It is clear to lawmakers and physicians alike that the Sustainable Growth Rate (SGR), used to determine how much physicians are reimbursed, is broken. The SGR, enacted as a part of the Balanced Budget Act of 1997, and was put in place as a mechanism to stem the growth of Medicare spending for physician services. At the time, the volume and complexity of physician services charged to Medicare was growing at a relatively slow rate compared to previous years. Therefore, the formula used to calculate the SGR when it was enacted was based on an uncharacteristically low trend.
The super committee announced this week that it failed to find the required $1.2 trillion dollars in cuts over the next decade to reduce the deficit. The result of their failure is “sequestration,” the triggered spending ax that was supposedly so horrible that it would motivate the super committee to bridge their differences and come to an agreement in order to avoid it, will now go into effect January 1, 2013. While members of Congress may want to change course and avoid sequestration, President Obama announced that he would veto any “easy out” attempt to avoid the triggered cuts.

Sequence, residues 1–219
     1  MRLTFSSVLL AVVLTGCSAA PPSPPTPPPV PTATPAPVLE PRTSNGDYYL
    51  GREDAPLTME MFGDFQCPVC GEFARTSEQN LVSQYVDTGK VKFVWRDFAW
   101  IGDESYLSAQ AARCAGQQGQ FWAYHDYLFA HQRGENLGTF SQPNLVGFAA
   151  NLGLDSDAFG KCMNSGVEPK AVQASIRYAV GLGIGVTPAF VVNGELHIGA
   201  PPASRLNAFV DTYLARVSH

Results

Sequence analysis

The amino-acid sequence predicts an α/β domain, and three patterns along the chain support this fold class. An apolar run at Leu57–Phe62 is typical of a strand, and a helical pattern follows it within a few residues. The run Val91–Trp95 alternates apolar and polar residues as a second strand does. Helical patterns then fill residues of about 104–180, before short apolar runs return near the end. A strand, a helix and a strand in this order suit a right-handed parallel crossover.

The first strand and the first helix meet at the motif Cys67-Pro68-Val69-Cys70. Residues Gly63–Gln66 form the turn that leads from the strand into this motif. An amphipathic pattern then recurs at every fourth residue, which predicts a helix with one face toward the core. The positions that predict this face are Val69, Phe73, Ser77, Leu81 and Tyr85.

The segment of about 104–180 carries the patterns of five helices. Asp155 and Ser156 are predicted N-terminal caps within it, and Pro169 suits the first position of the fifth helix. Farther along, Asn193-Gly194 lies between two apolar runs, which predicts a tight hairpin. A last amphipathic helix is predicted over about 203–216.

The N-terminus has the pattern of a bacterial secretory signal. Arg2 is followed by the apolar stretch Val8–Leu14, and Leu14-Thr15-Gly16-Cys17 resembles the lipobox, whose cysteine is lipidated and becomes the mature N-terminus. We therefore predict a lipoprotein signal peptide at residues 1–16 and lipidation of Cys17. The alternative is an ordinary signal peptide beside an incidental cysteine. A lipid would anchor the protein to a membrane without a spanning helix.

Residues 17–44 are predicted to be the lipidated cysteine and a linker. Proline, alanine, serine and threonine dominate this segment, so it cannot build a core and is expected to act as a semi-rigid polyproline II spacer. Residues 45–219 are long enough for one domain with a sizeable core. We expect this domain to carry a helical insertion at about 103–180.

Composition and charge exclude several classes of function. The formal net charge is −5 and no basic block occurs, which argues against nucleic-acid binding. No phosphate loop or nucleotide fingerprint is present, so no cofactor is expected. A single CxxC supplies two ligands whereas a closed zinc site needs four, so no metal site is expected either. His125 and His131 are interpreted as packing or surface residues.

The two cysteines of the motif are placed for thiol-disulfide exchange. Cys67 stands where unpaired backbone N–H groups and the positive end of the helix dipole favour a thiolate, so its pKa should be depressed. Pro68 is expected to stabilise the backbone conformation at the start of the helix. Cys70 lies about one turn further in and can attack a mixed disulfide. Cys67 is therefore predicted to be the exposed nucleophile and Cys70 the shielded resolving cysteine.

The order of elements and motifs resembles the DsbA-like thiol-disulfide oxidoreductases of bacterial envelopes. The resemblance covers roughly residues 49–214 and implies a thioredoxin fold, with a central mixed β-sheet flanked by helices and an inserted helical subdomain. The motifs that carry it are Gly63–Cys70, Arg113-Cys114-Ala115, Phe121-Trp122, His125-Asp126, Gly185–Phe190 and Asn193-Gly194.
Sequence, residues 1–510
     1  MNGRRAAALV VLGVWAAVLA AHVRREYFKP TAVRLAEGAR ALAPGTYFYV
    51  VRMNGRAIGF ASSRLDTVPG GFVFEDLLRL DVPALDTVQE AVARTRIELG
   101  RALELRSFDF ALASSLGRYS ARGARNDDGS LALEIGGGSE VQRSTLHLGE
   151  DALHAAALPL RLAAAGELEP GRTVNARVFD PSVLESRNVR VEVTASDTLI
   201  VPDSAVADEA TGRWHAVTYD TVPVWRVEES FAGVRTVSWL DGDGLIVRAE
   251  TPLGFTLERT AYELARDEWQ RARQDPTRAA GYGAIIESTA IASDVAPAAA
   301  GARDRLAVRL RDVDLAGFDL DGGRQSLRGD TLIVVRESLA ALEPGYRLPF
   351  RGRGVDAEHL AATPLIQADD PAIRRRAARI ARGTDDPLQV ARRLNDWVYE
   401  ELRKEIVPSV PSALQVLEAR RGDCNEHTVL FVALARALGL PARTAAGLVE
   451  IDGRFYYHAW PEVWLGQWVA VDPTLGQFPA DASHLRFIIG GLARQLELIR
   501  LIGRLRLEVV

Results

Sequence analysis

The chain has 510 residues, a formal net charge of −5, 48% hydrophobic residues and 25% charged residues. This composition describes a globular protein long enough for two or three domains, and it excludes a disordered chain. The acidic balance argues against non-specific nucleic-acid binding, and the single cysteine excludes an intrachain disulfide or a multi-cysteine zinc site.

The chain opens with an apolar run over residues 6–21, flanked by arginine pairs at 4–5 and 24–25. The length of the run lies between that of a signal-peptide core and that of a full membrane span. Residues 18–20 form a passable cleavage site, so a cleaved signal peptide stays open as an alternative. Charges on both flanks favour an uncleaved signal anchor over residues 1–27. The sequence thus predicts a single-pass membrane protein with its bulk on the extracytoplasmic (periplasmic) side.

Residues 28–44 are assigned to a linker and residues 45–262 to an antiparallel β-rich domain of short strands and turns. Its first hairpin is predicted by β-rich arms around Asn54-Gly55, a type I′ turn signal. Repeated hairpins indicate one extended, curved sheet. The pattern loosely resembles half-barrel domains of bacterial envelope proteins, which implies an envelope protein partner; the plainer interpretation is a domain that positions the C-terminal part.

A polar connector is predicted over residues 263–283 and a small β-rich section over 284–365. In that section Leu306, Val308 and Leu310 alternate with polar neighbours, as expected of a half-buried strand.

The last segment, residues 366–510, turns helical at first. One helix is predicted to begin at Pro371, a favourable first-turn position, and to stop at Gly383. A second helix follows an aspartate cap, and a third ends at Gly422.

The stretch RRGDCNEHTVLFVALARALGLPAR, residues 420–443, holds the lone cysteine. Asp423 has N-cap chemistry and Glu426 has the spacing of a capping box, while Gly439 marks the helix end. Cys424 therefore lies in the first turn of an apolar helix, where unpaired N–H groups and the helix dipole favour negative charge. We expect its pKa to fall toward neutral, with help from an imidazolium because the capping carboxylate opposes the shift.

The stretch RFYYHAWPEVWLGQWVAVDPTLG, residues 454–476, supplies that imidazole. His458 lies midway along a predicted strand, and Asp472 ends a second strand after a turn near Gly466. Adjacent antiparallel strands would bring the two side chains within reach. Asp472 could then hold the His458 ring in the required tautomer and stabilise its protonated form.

This past week, Stryker Corporation, one of the largest medical device companies in the world, announced that it would lay off 5 percent of its global workforce of over 20,000 employees by the end of 2012 in anticipation of the 2.3 percent medical device excise tax included in the PPACA. Stryker is a flourishing company: annual revenue has grown every year over the past decade including an 8.9 percent increase in sales between 2009 and 2010. This move by Stryker demonstrates that even highly successful companies will be significantly hurt by the medical device excise tax and although the tax does not go into effect until 2013, the reverberations are already being felt.